Not everyone wants a lot of frills when it comes to their kitchen. This space is pure and simple — exactly what the talented designer and homeowner had in mind.
By Lisa van de Geyn
Photography by Michael Mahovlich

There’s something magical about perfectly designing a minimalistic space. And it’s not just about leaving out the clutter — it’s about knowing how to maximize the space you have in a very effortless way. If you ask Russell Dearsley, a design consultant for Downsview Kitchens, he’ll tell you he tends to gravitate toward open concept spaces that are fresh and clean-looking. It’s one reason he decided his family’s kitchen had to look as pure and simple as possible.

This grand 6,000-square-foot abode is near the lake in southwest Oakville. It was a brand-new build for the Dearsleys, who wanted a very classic-looking house on the outside, but with a much more contemporary feel on the inside, complete with stunning limestone-like slab work throughout.

” It speaks to homeowners who love a streamlined, unique kitchen with design that takes a very easy, unpretentious approach.”

This kitchen is a master class in exceptionality — it’s not designed for those who crave a lot of frills and details in their spaces. Instead, it really speaks to homeowners who love a streamlined, unique kitchen with design that takes a very easy, unpretentious approach. “We wanted fresh and clean tones and a very minimalistic and uncluttered feel,” says Dearsley. “It was important for us to have a clean-looking space with unique features, like the hood design (which is actually drywall — it’s flush at the top and then slides out at the hood), all the drawers at the perfect height so my wife didn’t have to reach for anything, and we built a pantry and secondary kitchen off the main area.”


The spacious main kitchen is made up of a 12-foot island (which houses the dishwasher, recycling and garbage centre and the utensil and cutlery organizers), marble countertops and backsplash, and flooring done in fiveby- 10-foot porcelain slabs from Italy. There’s a series of drawers all the way across the cooktop wall and tall cabinets (perfect for storage) along the other side of the room. The cabinets and drawers are done in quarter-cut oak and painted in a custom silvery-taupe shade that works beautifully with the clean whites. Everything has its place in this kitchen, and almost everything is hidden in that place. For example, beside the wine fridge on the cabinet wall, there are two doors that open and slide outwards. Inside you’ll find a complete coffee station and toaster filled with everything the Dearsleys need for their breakfast and morning cup of java.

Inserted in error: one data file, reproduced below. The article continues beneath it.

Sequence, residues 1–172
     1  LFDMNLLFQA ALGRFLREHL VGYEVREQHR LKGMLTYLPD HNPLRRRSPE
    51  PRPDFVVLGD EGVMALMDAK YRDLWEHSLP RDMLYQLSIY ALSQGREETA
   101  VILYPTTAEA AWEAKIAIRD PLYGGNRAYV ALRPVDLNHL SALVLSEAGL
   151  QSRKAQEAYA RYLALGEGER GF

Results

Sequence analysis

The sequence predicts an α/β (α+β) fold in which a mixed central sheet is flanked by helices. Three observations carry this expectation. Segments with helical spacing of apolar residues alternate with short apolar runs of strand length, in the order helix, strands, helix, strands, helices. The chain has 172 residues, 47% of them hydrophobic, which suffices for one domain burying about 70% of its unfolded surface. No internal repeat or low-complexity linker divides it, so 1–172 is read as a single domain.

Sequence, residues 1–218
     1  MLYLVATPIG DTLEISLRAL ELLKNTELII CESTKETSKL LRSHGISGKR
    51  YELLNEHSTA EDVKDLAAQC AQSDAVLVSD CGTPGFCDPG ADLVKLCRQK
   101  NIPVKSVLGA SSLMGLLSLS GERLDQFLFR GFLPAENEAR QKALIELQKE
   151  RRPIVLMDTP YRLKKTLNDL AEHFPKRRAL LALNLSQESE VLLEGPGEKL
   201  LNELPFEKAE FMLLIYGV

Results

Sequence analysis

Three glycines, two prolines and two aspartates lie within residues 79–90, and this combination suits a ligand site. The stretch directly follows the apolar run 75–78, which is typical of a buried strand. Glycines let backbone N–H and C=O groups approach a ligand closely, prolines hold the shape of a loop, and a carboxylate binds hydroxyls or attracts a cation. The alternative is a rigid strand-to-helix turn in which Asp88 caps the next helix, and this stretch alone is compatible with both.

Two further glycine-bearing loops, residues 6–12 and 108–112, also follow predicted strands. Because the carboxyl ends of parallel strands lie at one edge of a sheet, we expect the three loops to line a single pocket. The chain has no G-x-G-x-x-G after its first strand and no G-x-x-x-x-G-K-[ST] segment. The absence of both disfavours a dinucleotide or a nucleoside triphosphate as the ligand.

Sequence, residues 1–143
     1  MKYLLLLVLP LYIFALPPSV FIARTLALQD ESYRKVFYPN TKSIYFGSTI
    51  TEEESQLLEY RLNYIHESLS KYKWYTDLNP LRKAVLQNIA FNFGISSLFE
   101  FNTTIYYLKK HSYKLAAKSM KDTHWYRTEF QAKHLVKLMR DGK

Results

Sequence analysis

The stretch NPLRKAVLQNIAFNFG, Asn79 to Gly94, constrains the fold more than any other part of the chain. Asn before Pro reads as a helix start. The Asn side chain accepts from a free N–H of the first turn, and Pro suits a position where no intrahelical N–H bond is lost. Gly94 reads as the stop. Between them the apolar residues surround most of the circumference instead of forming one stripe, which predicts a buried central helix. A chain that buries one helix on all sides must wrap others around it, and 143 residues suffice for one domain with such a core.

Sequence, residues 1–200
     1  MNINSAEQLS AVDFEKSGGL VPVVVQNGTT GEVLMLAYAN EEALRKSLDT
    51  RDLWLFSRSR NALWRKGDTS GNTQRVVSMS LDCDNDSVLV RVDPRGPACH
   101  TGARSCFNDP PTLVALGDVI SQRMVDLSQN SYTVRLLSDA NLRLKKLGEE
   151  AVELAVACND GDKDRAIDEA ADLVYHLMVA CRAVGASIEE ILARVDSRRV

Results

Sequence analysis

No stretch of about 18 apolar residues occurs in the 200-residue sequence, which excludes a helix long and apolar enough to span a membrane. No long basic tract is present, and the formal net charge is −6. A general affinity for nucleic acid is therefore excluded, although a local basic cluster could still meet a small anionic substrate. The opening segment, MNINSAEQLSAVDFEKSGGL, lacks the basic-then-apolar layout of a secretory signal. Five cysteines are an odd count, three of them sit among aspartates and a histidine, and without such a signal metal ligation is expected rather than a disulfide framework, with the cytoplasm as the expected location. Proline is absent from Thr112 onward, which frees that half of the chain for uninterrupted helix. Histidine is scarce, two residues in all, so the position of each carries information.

The eating area in the kitchen is done in a bespoke prefinished hardwood and it’s also ultra-minimalistic and done in darker shades to contrast the lighter tones in the rest of the room. Dearsley also opted out of going with the typical lighting for the kitchen — he didn’t select hanging pendants or obtrusive lights because simplicity was key. “We did pot lights and floor lights, as well as lighting that runs above and below the shelf over the cooktop,” he explains.

There are a few super impressive features encasing the main kitchen. The first is the pantry off to the side that acts as a secondary kitchen, complete with microwave, sink, countertop, a second dishwasher and freezer drawers. Directly opposite is where all the family’s dishes and cookware are stored. “It’s floor-to-ceiling dishware and it’s all behind glass that has a rubbed bronze finish. We did that to keep all of these elements out of the kitchen and out of the way,” he says.

The second feature Dearsley points to are the 10-foot-tall black doors that run all the way across the back of the kitchen and the rest of the back of the home. When these exquisite doors are open, they can be pinned back and there’s a big open space that connects the kitchen and family room with the patio and backyard. “It’s truly an indoor-outdoor space when those doors are open. And when the blinds are up, I ensured they’d go into a cavity, so you don’t see them at all — they’re hidden in the wall. Again, we wanted it to look seamless and simple and not detract from the beauty of the doors,” he says. “The house was built for entertaining — we love having friends and family over. And this kitchen gives us everything we need. We really wanted something that doesn’t appear in every other house — something that has a unique feel. And we certainly feel like we’ve achieved that.”